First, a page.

Canalys anticipates the EMEA PC market – excluding pads – to contract in 2011 at an annual rate of 6%, although volumes will peak for the year at 30 million in Q4. Western Europe is largely responsible for the regional decline because of investor concerns over sovereign debt issues in the Euro Zone. As with the US market, ongoing economic issues will continue to have a negative impact on consumer confidence levels, affecting shipments in Q4 and beyond.

Canalys expects high growth in Latin America and Asia Pacific in Q4, with total volumes for 2011 predicted to reach 40 million and 153 million. Overall, the BRIC countries will account for 28% of worldwide PC shipments in 2011.[1]

The Canalys PC market forecast for 2012 highlights challenging conditions during the first half of 2012, as flooding in Thailand continues to severely impact the global hard disk market. Thailand is responsible for around 40–45% of the world’s hard disk production, and the business disruption has already led to price rises. Hard drive shortages will further reduce inventories and shipments of desktops, netbooks and notebooks in the coming quarters. Canalys believes that side-effects will include a boost in solid-state drive (SSD) production and lower prices that will benefit pad and Ultrabook vendors.

Source: Canalys


We keep coming back to this issue. Who would have thought, only a few years ago, that we would be considering these things? It was barely (if at all) in our collective (consumer?) consciousness: A tablet as the next-gen platform for computing. In this era a device succeeds not just on quantity of features, but rather on what has been taken away, and the drive to perfect (almost obsessively) what remains. We're looking at the the Art of The Interface - not megahertz, clock speeds and soulless numbers - as the basis for success in this next phase of computing. Software. Which is a key element (if not the primary element) in creating a competitive User Experience. The hardware form factor has been reduced to absolute minimalism with as much power (and not a shred more) as that form factor will allow.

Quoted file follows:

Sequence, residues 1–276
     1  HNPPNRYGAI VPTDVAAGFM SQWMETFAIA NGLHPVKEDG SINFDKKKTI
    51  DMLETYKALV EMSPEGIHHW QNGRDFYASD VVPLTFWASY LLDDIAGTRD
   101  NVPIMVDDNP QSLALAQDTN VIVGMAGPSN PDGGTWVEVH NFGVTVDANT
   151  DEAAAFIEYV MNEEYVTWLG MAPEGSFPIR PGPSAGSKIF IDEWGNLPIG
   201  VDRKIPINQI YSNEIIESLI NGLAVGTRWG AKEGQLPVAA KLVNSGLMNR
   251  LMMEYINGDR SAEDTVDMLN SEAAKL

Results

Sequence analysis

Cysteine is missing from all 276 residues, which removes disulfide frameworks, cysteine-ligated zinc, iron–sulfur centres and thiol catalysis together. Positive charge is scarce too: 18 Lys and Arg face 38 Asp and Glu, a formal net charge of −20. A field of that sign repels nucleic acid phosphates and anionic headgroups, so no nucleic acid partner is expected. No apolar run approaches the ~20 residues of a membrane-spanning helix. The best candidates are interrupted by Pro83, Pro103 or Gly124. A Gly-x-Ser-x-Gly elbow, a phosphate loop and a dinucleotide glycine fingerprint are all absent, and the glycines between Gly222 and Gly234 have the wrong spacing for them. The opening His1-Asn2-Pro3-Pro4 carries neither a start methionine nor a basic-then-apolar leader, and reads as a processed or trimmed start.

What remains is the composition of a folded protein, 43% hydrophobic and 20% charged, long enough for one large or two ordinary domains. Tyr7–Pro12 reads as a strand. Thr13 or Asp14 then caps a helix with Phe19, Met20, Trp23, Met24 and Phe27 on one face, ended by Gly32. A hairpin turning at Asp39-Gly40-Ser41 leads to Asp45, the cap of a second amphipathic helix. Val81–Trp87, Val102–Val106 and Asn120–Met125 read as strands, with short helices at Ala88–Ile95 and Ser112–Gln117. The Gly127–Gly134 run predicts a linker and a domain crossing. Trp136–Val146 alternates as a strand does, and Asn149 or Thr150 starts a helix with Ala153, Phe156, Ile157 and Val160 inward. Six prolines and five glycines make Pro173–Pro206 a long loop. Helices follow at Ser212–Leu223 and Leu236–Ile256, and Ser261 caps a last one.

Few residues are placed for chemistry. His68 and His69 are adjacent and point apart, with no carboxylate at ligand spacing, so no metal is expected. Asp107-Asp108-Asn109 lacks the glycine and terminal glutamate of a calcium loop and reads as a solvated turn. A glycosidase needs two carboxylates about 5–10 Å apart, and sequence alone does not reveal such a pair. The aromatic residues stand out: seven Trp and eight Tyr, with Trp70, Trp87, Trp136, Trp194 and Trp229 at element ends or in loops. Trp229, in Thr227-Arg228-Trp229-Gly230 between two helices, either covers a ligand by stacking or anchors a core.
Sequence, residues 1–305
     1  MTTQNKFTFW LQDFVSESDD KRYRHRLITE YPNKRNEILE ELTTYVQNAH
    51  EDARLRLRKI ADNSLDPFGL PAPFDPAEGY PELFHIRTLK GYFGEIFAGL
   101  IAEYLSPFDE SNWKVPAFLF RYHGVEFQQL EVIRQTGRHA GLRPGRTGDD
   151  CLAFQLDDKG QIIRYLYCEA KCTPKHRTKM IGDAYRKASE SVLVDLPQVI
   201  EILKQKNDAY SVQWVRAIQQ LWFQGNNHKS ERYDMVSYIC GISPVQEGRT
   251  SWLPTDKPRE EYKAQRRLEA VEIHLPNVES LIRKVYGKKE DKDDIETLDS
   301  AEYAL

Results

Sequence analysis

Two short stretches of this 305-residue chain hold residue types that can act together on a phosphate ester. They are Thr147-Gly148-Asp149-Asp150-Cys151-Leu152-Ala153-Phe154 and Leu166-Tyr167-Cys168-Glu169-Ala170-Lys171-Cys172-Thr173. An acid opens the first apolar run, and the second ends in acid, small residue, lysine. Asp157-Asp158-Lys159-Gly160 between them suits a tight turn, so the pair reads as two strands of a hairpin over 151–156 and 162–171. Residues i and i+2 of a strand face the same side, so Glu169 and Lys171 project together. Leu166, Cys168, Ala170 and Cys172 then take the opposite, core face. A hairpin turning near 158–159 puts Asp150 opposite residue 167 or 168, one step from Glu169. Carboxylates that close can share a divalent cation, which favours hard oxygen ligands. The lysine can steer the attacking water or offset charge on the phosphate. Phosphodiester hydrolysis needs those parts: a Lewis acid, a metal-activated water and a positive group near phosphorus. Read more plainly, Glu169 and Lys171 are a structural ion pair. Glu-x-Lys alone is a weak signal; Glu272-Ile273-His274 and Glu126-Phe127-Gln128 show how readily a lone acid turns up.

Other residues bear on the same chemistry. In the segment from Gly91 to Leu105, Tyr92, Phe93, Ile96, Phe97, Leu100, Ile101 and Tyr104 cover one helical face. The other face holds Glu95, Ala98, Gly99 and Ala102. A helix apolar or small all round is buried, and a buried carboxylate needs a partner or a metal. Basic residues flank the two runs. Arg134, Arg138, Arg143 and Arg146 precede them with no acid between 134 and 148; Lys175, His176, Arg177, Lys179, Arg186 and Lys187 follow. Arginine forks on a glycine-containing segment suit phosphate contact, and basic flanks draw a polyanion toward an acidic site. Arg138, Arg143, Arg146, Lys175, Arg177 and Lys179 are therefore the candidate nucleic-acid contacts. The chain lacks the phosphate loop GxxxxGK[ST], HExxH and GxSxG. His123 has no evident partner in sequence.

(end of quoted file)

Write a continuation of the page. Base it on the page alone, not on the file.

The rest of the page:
Canalys and DisplaySearch are already lumping the iPad in with conventional PC numbers. Who's next? It's only a matter of time before all tablets and "computers" (desktops, notebooks, dying/dead netbooks, the new wave of ultrabooks) are, in terms of shipments, unit sales and market share, indistinguishable on paper.

There's an interesting aspect to all this that's worth noting: It would appear that in terms of next-gen computing, the iPad is currently king. However, as we have seen with the iPod and its particular impact on the market, there really is no demand for tablets other than the iPad. Granted, this might change, but the competition's efforts suggest they're unable or uninterested in bringing their A-Game (if they even have one) to the table.

Does the next generation of general consumer computing belong almost solely to the iPad (with whatever the competition can churn out following far behind)? If so, that is an absolutely huge shift in terms of the industry at large, and especially if we consider what the consequences would be for the competition.
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Old Nov 21, 2011, 09:24 AM   #2